Elkin City Schools tested the preparedness of two of its schools Friday with a random, unexpected lockdown drill.
Elkin Elementary School did not participate.
The drill took place at approximately 8:15 a.m. on Friday morning, according to John Altemueller, head of ECS’s Critical Incident Response Team. The schools were taken out of lockdown status roughly 10 minutes later. Parents were alerted following the drill via the school’s automated alert-now system, informing them nothing was wrong and that it was just a drill.
School superintendent Dr. Randy Bledsoe said the school system and Elkin Police Department worked in conjunction to test the high school and middle school’s readiness in the event of an intruder. No one but Chief Monroe Wagoner and Altemueller knew of the time or date of the exercise.
Wagoner contacted the school system following a scheduled drill in January to discuss doing joint drills with his department.
“What we tried to do was emulate, basically, a real situation of a lockdown and to check to see that our teachers, staff, and our students responded along the lines of what we asked them to do in case of a lockdown,” Bledsoe said.
Bledsoe said he was informed by Altemueller of the drill 20 minutes before it began to let him know nothing serious was wrong.
Bledsoe and Altemueller said the practice went very well.
“All things went according to what we have basically requested of our teachers and our kids to do during the lockdown drill,” Bledsoe said.
“I was pleased. Students and teachers did exactly what they were supposed to do. I was most impressed,” said Altemuller.
Altemueller said Elkin Police were on site during the lockdown to advise the schools on any problems they saw and to alert school officials to any areas that could be improved. Bledsoe said that during a lockdown police were the only people walking around, as every staff member was locked in a room.
“During a lockdown every person is in a lockdown area, including the administrator and the administrator’s assistant, so the police responsibility is to go through the halls and to determine where a potential threat may be,” he said.
Altemueller said the police were happy with the response and saw nothing of great concern. Bledsoe added that the police had several new officers that were not as familiar with the schools as others, which allowed them to practice with the layout of the buildings.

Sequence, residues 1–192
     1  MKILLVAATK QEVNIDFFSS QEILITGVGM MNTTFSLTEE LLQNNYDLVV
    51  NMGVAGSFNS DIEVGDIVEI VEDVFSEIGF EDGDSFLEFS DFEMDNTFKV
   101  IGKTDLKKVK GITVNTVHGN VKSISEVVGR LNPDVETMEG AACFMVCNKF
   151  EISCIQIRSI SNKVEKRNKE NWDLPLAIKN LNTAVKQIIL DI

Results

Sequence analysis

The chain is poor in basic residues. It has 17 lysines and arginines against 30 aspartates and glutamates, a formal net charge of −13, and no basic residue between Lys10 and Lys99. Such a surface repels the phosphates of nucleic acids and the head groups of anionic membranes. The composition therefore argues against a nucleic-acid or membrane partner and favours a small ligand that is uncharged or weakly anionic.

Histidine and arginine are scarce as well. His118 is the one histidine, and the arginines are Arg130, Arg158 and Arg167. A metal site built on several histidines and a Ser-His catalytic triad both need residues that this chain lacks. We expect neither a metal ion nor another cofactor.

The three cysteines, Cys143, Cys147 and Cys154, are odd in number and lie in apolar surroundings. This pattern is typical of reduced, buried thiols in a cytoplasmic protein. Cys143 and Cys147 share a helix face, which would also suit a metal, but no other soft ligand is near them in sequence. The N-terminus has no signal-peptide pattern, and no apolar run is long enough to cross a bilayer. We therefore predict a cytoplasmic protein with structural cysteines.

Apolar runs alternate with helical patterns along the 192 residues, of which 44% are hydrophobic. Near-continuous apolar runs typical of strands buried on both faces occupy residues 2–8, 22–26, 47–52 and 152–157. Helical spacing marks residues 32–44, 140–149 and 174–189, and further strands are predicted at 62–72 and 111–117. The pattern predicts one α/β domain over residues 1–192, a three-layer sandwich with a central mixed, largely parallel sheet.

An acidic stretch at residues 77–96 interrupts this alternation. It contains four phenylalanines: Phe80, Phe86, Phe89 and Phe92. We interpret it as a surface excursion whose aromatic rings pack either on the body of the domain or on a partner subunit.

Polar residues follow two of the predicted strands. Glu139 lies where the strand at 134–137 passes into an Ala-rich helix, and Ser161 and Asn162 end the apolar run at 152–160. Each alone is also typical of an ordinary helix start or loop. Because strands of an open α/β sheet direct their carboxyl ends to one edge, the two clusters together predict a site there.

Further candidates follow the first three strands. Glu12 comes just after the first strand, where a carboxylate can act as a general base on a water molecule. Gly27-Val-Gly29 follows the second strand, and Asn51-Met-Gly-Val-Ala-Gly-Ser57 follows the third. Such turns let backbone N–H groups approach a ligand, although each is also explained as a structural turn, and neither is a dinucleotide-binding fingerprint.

“There are always little things that you see that you want to tweak. There was nothing that glared out,” Altemueller said. “They were pleased with what we had done and pleased with how things went. I think they were pleased with their officers’ response time coming in this morning. I think it was deemed a success,” he added.
Altemueller schools have added instructions for teachers and staff that may be caught out in the hall away from their offices when the lockdown began. He has instructed custodians and others who could be in the hallway to duck into the nearest custodian closet, staff bathroom or classroom to seek shelter when a lockdown begins.
With that come additional logistics. Each classroom is given a green and red card, and the teachers are required to slide under the locked doors to indicate if a room is safe or in danger to a police officer.
As police walk the halls to detect and eliminate any danger, they can check off which rooms are locked and secure while moving on to look for the threat.
Cards have been added to staff bathrooms, closets, custodian closets, “anywhere somebody might be so that it gives some indication that there’s a person in there and they’re OK,” Altemueller said.
Altemueller said Elkin Elementary did not participate due to the need for attention by the Police Department on their first joint training session. Had the police been stretched across all three schools they might not have been able to effectively observe the schools’ drills and offer advice. Altemueller did not rule out that a drill may occur there as the school year winds down.
Bledsoe said the schools were planning more of the undisclosed drills, saying there would probably be two scheduled drills and two random ones, in the 2013-14 school year. Dr. Bledsoe said the school system has to get to the point where a lockdown drill is as common and well-practiced as a fire drill.
“In today’s era, what we’ve got to start doing on a more dedicated basis is having lockdowns so that we make sure that our students know what to do in the case of a real emergency, or a critical emergency, situation,” Bledsoe said.
“It really went well,” he added.
“I’m happy with the ways things went,” Altemueller concluded. “I pray we have to never have to know for sure, but I’m happy with the way things went.”
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